Fall 2023

Skid Marks:
Peter Bach Nicolaisen

Speech by Charlotte Jensen:

Dear Peter,

Congratulations on your exhibition.

To me, you represent a kind of kinship we’ve invented for ourselves. A kinship that also includes many others. We’ve been part of a shared context for many years, a context that extends beyond just us. The significance you’ve had in shaping our reality, especially at Krabbesholm, has been extremely profound. And it all culminates today with an opening here at FourBoxes, featuring your hanging of paintings.

We stand in a space we know very well. And it occurred to me yesterday that it might be possible to create a connection between your paintings and the kinship we share, and thus, with the significance you’ve had for Krabbesholm, through the space itself and the formal expansion it takes on through the hanging of your paintings. The way the paintings expand the space and share their language with us, those standing here, suddenly assured me that amidst reality, there exists something more. There is a space for something, for someone, or for me, which one can be incredibly fortunate to be a part of. It may be invisible to some, inaccessible to others, but if you’re lucky enough to be a part of it, you’ll never forget it. It’s the space you’ve created and shared here at Krabbesholm, where both of us have lived for many years.

In the text accompanying the exhibition, you describe painting as hard work. Routine-driven and frustrating, but on the other hand, it’s also a framing and structuring way of life, where checking the phone, having a cup of coffee, and writing a shopping list play a role in the creation of the painting. When one says “painting,” it refers to both the result and the process. Seeing the paintings as an extension of a lived life must be acceptable. Some of the paintings are hanging here today. The process continues.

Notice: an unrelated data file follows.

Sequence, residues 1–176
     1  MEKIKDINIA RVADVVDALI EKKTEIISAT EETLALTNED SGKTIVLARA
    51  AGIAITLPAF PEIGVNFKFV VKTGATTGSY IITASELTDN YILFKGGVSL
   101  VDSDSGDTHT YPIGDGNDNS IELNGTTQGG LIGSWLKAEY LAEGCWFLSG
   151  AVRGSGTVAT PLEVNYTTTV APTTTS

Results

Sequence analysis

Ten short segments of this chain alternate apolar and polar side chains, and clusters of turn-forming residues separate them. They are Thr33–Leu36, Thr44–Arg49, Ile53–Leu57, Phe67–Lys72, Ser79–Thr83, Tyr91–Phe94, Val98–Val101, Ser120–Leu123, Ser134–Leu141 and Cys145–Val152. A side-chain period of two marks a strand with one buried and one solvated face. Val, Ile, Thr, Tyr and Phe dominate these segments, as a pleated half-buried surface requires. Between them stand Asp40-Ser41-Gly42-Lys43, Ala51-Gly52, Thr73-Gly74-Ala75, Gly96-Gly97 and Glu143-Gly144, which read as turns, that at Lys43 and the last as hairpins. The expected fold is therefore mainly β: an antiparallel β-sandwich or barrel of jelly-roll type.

For Per and me, it has made perfect sense to collaborate on the book that accompanies the exhibition. The book unfolds the exhibition in a different way by juxtaposing your paintings with recollection texts from your childhood and youth – from your life before Krabbesholm. The book as a medium allows for the juxtaposition of text and image, which can then mirror and reflect each other. It’s a stage, a space in itself, open to interpretation and, importantly, it contains the idea of the pedagogical situation. The meeting between teacher and student. I have personally idealized and looked up to your practice as a teacher in art and, on this occasion, specifically in painting, as something mystical and alluring. Something unique and uncompromisingly pedagogical. The pages of the books are mixed differently from book to book, so that everyone can learn something different. The connections between text, life, and painting are not static.

Perhaps they take me back to a sort of childhood where skid marks in underwear or “Skid Marks” were something that could happen to even the best of us. At the very least, they convey a poetic awkwardness in observing how life has turned out, leading back to the presence of the paintings today.

“You write, ‘The painting is empty and only about itself,’ and conclude by stating, ‘The painting is the painting.’ I would add that life is life. These are harsh and reductive observations that close in on themselves, but at the same time, they can also signify something more, the opposite in a way, something that we need today: to point out that both painting and life are universal and infinite.”

Exhibition catalogue - Skid Marks - Peter Bach Nicolaisen